After decades of increasing incarceration rates and prison sentences, the United States is beginning to move away from harsher sentences, as disproportionately severe, discriminatory in their application, ineffective, and devastating to communities.
On Friday, it was the United States Sentencing Commission’s turn, approving a series of amendments to its sentencing guidelines, which recommend the length of sentences for federal crimes. The move could result in shorter prison terms under certain circumstances, and the Commission refrained from recommending harsher sentencing ranges for some immigration offenses.
One amendment strengthened the Commission’s “compassionate release” policy. The logic behind compassionate release is simple: circumstances change. A person in prison serving a long sentence may become seriously ill or may face chronic medical conditions due to aging. A prisoner may have children younger than 18, and the children’s caregiver may die or become incapable of caring for them. In these and similar circumstances, there may be a compelling reason to release a person from their sentence.
As we have documented, the US Bureau of Prisons has played an unsparing gatekeeper role in its administration of compassionate release, granting only a handful of requests over the past several years. On Friday, the Commission pushed back, both expressing concerns about the Bureau’s lack of compassionate release grants and expanding the types of circumstances where compassionate release should be considered.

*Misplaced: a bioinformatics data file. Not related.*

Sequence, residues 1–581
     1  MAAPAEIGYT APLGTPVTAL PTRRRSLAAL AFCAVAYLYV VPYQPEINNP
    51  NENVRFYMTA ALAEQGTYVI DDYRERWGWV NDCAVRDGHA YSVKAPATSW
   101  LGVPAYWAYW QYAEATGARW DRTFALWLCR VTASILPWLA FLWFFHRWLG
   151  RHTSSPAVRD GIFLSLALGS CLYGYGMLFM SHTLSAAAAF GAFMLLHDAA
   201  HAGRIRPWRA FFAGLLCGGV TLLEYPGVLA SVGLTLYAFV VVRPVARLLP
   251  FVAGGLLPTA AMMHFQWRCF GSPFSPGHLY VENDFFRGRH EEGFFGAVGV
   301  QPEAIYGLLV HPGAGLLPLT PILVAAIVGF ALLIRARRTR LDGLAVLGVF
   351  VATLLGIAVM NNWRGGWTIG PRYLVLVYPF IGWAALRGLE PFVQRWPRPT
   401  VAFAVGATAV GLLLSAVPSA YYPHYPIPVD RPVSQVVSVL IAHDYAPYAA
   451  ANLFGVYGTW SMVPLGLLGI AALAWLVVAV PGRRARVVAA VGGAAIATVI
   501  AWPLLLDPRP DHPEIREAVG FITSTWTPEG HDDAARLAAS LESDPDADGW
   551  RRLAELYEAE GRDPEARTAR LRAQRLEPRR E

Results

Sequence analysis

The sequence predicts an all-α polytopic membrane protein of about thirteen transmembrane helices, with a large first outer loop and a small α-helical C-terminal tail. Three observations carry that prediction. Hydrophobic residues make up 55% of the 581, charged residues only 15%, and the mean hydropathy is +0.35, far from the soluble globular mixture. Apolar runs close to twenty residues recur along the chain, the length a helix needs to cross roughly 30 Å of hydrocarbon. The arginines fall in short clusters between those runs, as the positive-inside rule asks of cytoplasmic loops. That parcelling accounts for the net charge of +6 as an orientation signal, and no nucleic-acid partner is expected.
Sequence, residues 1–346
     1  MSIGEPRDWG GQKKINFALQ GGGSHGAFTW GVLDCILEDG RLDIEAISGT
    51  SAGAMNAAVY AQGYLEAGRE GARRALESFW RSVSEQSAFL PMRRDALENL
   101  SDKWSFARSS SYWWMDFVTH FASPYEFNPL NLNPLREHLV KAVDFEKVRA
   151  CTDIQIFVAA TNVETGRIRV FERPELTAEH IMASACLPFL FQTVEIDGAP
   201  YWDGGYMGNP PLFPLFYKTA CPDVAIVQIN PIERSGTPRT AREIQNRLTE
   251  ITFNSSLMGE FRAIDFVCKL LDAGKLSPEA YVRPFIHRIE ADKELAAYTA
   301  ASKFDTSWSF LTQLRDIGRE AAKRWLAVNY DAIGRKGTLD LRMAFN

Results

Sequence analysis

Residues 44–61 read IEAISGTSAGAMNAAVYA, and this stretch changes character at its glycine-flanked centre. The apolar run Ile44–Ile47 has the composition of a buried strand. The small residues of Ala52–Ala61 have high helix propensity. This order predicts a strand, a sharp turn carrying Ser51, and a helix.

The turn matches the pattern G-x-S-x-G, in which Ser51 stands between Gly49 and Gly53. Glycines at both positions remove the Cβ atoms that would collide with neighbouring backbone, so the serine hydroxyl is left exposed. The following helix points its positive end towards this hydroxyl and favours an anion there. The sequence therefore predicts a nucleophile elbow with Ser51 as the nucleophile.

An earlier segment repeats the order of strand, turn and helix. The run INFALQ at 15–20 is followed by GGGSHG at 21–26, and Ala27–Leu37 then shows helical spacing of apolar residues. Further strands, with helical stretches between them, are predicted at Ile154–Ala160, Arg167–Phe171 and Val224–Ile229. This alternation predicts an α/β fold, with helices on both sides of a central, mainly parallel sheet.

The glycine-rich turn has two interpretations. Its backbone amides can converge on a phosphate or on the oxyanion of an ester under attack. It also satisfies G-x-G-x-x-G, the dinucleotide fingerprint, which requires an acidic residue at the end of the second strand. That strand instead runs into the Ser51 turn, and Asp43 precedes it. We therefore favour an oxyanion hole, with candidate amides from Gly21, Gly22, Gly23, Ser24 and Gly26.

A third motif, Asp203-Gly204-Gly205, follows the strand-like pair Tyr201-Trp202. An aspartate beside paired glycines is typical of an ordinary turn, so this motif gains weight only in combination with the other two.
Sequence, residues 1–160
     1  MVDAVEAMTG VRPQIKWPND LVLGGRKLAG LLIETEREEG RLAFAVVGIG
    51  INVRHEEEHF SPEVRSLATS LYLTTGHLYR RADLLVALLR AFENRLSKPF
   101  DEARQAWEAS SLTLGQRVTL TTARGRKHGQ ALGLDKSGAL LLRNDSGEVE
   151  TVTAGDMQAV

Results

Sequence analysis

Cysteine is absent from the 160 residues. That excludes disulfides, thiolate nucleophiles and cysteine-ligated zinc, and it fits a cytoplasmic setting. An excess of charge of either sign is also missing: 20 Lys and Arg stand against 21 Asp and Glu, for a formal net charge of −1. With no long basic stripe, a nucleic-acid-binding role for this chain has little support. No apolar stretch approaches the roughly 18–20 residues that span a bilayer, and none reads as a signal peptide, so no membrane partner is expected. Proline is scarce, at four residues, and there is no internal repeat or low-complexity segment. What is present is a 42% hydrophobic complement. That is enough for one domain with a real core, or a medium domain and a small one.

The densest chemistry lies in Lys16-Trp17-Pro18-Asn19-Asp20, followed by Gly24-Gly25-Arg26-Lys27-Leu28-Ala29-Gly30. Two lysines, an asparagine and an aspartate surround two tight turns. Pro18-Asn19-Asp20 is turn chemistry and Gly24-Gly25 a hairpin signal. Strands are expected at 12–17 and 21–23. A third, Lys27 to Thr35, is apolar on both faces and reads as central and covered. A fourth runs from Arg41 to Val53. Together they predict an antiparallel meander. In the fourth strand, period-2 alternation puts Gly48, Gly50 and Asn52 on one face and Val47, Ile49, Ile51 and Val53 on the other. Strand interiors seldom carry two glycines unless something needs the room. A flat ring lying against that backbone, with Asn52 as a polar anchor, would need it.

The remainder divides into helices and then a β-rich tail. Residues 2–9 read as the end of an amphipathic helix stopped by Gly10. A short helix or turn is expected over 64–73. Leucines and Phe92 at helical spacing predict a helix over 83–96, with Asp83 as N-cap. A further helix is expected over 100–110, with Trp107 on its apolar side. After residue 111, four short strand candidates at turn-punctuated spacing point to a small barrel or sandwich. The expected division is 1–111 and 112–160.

In another amendment, the Commission refrained from lengthening sentences for certain immigration offenses known as “illegal reentry” crimes, for those who cross into the US without proper documentation. Illegal reentry cases are taking up a major chunk (22 percent) of the federal caseload, and the Commission had been considering increasing the severity of those sentences (and allowing for even longer sentences if persons had been previously deported). In ultimately deciding against those increases, the Commission acknowledged – as we argued in comments on those proposals – that many people who “reenter” the United States illegally are doing so to reunite with US-based family.
The Commission was wise to exercise restraint in the reentry cases. The US immigration system is in disarray, and attempting to use longer sentences to deter people from rejoining their families is an improper and cruel use of the criminal justice system. In fact, we have recommended moving away from criminalizing these types of immigration offenses at all.
In general, US federal policymakers appear to be moving away from their reliance on harsher sentences, from reform efforts in Congress to President Obama’s push to make more widespread use of commutations. Not all of the Commission’s Friday amendments reflected similar restraint. But its steps on compassionate release and on illegal reentry cases showed that sentencing policy can also be eased. Other policymakers should follow suit.